For a long time, it looked as though Earth was an outlier. While our watery rock is teeming with life of all kinds, the rest of our solar system (and beyond) appears to be a baron wasteland devoid of biological beings. However, the more we learn about space and the mechanisms of life, the more evident it becomes that life could have evolved independently elsewhere. Of course, the jury is still out on whether life actually has developed outside of Earth, but that doesn't mean we can't speculate on where we're most likely to find it. So let's take a look at the planets and moons in our solar system that represent the biggest candidates for life.

Mars

Mars has always occupied a special place in our culture, with media like The Martian and War of the Worlds. But could it inhabit life? Maybe. Mars is the fourth planet from our Sun and is often called The Red Planet due to its dusty desert surface that contains iron oxide. We know that the planet was much more Earth-like in the past and even had liquid oceans. However, today the planet is cold and dry.

Crucially, Mars is also the most explored planet in our solar system, and there currently exist many more projects for Mars exploration in the works. While life on the surface of Mars seems unlikely from what we've studied so far, it's possible that life could exist below the surface in deep aquifers. Lending further credence to this theory, scientists have discovered strange fluctuations of methane gas on the planet. Geological processes could explain these fluctuations, but they could also be a byproduct of life 1 .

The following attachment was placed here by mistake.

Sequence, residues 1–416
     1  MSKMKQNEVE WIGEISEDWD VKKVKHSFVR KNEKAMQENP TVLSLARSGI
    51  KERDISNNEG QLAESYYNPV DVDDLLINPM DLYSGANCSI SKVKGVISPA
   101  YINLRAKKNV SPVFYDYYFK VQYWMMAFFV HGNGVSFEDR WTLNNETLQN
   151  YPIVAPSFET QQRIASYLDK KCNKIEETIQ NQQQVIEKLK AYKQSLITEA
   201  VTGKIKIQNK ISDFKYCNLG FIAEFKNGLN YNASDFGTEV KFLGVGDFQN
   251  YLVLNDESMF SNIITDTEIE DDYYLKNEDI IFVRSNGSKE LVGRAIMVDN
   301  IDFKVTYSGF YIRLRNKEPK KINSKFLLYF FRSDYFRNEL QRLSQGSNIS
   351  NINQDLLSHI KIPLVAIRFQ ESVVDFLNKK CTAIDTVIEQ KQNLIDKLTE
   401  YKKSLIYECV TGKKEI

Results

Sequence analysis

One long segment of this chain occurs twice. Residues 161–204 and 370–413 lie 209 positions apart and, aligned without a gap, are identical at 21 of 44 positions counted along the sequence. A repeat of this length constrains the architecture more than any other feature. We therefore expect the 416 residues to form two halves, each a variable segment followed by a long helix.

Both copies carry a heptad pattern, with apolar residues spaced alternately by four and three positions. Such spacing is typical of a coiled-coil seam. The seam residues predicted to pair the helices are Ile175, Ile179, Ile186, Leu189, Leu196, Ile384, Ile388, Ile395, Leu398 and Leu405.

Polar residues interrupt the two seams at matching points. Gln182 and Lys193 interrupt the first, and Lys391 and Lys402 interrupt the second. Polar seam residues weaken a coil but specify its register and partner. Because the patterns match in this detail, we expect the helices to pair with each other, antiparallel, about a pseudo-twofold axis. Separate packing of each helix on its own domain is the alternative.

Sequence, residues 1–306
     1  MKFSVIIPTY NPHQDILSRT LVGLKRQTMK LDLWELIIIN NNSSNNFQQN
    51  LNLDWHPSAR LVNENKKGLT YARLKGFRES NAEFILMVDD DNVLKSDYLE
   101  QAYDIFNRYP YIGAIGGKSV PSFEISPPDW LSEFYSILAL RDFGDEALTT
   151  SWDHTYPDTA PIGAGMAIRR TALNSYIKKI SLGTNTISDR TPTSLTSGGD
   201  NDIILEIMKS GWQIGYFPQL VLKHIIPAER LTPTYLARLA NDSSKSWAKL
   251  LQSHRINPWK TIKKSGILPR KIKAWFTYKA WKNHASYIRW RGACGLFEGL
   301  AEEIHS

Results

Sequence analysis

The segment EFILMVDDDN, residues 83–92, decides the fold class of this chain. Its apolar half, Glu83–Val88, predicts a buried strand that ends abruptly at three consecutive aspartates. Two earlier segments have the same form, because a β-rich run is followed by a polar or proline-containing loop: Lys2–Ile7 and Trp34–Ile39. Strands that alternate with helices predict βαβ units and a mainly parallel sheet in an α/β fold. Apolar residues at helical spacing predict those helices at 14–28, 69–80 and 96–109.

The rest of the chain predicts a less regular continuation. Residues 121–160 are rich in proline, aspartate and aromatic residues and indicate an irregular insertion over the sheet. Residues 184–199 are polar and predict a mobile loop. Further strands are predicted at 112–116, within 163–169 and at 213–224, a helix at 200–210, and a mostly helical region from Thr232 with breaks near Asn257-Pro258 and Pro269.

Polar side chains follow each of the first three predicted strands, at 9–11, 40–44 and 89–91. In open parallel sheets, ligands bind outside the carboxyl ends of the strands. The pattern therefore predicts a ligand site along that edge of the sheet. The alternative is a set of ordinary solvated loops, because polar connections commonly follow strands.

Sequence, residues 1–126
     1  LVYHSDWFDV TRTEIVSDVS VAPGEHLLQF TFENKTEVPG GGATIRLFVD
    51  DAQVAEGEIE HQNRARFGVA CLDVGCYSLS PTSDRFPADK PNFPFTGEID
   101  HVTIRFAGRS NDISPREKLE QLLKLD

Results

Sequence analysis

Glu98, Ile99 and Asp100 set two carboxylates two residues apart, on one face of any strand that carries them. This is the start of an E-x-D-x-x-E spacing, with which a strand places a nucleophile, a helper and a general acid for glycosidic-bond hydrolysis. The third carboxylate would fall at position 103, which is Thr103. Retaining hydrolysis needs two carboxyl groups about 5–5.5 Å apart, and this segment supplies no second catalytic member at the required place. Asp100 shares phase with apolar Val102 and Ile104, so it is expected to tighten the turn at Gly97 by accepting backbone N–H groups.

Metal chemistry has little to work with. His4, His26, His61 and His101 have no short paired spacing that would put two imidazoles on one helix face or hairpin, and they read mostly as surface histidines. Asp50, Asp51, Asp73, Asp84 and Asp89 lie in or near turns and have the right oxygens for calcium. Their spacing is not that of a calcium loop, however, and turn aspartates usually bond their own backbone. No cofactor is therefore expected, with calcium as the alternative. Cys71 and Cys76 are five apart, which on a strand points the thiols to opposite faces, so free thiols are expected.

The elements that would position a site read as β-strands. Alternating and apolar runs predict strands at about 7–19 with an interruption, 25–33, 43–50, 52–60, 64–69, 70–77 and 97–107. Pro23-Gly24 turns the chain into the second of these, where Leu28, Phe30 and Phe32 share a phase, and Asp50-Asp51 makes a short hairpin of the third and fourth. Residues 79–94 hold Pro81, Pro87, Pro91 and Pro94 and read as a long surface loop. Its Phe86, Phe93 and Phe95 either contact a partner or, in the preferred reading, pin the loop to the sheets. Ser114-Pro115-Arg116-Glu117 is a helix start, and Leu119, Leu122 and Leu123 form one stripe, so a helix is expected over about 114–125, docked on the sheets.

Venus

At first look, Venus appears an unlikely candidate for life. After all, it's the hottest planet in our solar system, with surface temperatures of 475 degrees Celsius (or around 900 degrees Fahrenheit). In other words, temperatures are hot enough to melt lead!

However, there are still some reasons to believe life is not only possible but could potentially already exist on the fiery planet. Around 50 kilometers up from the surface, temperatures range from 30 to 70 degrees Celsius. These temperatures are mild enough to sustain microbial life, even at the high end of that temperature range. Additionally, that far up, atmospheric pressures are similar to Earth's surface.

Some stranger aspects of Venus also suggest life could be present. For example, we see dark streaks in the atmosphere that don't budge even in hurricane-force winds. Although these streaks are most likely ice crystals or something similar, it's possible they could be colonies of microbial life.

In September 2020, Scientists revealed they had detected Phosphene on Venus. Phosphene is considered a biosignature (a chemical that provides evidence for life) because it's essential to life, and no known geological processes can create it. However, recently these claims have been called into question, and scientists are much less sure Phosphene was detected at all 2.

Europa

Jupiter's moon Europa is arguably the strongest candidate for life in our solar system and presents an exciting research prospect for future space missions. Europa's surface is mostly water ice around 15 to 25 kilometers thick (10 to 15 miles). However, we have evidence that there are liquid water oceans up to 150 kilometers deep under this icy shell!

But why is Europa such a good candidate for life? Well, it has the right mix of conditions. It has water and an energy source in the form of heat from tidal flexing and geysers that spew ocean material into space (it's active). Additionally, strange colored patterns we see surrounding the geysers on Europa look eerily similar to microbial life patterns we see around geysers here on Earth 3.